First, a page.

Labeling Lingo

Do you ever find yourself in the meat and poultry section of a store faced with an overwhelming assortment of quality labels on each product? Familiar terms such as organic and free range seem familiar enough, but then what is the difference between these terms and grass-fed and cage free? And what does natural even mean when it comes to a slab of steak?

Don't let the various labels confuse you! Here is a guide to a few of the most commonly-seen labels so that you can make a confident and knowledgeable decisions at the grocery store, butcher, or local farmers market:​

Natural tells you about the processing of the meat, but does provide any information about how the animal was treated and raised.

A natural label promises:

  • no additives in the meat (artificial flavors, colors, preservatives, etc.)
  • minimal processing, which is defines as "processed in a manner that does not fundamentally alter the product" - this is not a terribly helpful explanation, but it does mean no mechanical separation (like the now-infamous "pink slime")

However, animal products labeled "natural" do not tell us anything about the animal's diet and lifestyle during their life CAN be raised in conventional feedlots, given growth hormones, administered antibiotics and fed GMO grain.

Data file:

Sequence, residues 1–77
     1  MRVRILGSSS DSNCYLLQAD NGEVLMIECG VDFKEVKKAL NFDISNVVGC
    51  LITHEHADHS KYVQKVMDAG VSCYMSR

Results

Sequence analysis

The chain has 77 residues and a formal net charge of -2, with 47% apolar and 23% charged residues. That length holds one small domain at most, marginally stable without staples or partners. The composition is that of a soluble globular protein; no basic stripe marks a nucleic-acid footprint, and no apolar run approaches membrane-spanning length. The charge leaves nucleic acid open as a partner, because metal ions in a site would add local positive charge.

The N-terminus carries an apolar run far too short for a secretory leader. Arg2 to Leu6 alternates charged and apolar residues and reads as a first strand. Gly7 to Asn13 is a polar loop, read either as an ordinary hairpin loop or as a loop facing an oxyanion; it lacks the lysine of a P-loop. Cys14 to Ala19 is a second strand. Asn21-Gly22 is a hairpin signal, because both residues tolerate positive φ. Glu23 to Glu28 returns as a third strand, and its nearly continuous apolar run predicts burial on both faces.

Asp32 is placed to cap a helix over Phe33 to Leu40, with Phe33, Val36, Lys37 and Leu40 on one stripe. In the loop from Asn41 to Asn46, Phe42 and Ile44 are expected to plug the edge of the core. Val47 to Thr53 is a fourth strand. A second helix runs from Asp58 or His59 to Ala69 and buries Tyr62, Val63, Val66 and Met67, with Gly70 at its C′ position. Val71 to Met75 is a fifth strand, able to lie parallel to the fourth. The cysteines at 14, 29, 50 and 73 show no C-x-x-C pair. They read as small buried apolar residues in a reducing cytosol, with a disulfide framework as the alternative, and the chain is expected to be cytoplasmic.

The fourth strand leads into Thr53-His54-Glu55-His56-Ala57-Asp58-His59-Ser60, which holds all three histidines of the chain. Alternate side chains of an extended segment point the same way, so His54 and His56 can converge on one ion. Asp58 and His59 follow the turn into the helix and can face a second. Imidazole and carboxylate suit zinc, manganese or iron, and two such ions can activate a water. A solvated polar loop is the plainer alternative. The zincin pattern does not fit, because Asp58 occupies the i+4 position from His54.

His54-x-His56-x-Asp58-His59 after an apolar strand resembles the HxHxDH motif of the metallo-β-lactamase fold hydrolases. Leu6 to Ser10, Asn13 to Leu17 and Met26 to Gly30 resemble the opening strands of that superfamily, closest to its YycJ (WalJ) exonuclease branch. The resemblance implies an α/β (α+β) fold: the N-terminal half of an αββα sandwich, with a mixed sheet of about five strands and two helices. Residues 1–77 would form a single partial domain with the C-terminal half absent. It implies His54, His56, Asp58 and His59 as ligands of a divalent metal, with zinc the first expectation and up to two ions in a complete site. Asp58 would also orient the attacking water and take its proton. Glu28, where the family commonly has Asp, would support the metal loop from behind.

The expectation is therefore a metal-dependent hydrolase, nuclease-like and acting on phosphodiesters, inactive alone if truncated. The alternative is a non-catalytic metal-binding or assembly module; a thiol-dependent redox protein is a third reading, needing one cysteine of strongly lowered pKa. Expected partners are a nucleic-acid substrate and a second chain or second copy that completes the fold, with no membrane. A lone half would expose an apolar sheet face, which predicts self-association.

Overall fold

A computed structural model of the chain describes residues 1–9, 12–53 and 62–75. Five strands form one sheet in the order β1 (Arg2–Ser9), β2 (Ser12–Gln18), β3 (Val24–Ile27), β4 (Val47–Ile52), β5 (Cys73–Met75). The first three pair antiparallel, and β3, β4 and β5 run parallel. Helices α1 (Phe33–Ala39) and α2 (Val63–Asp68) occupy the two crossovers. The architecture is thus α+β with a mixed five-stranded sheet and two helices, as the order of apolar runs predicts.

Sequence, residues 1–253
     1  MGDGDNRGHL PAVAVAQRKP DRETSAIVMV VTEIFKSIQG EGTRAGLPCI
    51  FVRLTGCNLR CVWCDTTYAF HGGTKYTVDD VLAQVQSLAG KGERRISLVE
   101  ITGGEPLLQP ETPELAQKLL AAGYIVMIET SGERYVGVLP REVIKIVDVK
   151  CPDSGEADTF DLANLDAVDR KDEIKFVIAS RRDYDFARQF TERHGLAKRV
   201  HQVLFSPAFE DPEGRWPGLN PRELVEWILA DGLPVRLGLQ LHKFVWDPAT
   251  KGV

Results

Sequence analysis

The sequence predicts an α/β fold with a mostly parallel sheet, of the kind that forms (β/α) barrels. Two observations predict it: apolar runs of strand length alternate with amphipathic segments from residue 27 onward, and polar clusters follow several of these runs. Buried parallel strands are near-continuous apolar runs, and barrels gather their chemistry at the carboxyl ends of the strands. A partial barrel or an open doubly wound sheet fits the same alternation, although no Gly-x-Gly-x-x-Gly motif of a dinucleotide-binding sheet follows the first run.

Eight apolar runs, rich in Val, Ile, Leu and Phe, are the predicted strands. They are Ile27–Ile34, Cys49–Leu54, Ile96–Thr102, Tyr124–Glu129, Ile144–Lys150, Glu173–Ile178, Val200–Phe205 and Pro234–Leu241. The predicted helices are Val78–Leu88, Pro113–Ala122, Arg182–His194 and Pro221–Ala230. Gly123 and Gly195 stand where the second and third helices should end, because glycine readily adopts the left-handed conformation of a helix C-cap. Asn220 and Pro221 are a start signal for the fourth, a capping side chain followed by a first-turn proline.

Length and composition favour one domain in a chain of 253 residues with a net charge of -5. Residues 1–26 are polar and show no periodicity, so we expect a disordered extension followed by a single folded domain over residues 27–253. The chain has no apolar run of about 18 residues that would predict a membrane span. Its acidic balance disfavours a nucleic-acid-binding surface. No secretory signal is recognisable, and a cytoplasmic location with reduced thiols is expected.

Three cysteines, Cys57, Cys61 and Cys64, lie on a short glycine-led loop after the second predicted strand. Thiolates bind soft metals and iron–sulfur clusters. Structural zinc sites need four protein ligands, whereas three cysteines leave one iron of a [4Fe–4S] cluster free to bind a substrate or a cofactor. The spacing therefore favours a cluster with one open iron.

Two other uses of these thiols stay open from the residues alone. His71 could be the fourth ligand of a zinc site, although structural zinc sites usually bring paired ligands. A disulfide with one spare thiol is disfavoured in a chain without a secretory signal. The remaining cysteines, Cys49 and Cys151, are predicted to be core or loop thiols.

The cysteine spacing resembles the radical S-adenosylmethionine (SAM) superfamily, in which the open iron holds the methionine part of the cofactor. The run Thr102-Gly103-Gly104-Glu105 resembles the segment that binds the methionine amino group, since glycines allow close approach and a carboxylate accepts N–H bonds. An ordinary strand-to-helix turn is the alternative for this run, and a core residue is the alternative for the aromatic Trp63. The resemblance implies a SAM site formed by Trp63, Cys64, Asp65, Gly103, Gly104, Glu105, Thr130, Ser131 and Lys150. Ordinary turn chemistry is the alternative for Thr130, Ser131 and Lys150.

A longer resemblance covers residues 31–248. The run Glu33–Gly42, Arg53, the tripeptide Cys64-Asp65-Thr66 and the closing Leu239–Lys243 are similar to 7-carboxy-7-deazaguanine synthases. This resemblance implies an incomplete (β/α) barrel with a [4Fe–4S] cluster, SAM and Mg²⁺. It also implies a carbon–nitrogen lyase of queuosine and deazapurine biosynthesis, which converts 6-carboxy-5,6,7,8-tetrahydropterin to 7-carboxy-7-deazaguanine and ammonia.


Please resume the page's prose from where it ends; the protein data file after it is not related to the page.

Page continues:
Free range labels tell us that the animal had access to the outside. Unfortunately, this is a somewhat vague requirement that doesn't indicate how often the animals were able to go outside, how they were generally treated, or how they were fed. Free range chickens CAN be raised primarily indoors, and they can also be de-beaked.

Cage free is similar to free-range. It promises only that the animals have not been kept in cages. They CAN be confined in close quarters and we don't learn anything about what they are fed.

Organic is one of the more prominent labels for meat and poultry products, as well as dairy and eggs. The organic label promises:

  • no antibiotics or growth hormones
  • diet of 100% organic feed (grain or grass)
  • year-round access to outdoors, shade, shelter, exercise areas, fresh air, clean water, and direct sunlight
  • livestock are not fed any animal byproducts

This is one of the more stringent labels for animal products and, though pricey, offers a lot of certainty about the quality and background of your meat. Organically-labeled meat CAN come from raised on grains.

Pasture raised / Grass-fed labels promise:

  • a diet that was grass-based or foraging
  • continuous access to pasture during growing season

The animal's diet CAN be non-organic (in fact, it often is due to the complications and hassles involved with obtaining organic certification for pastures) and the animals CAN be fed grains during what is known as the "finishing stage" (last 200 lbs gained before harvest).

Further Resources

There are many other labels as well, both regulated and independently added. Check out these additional resources to learn more:


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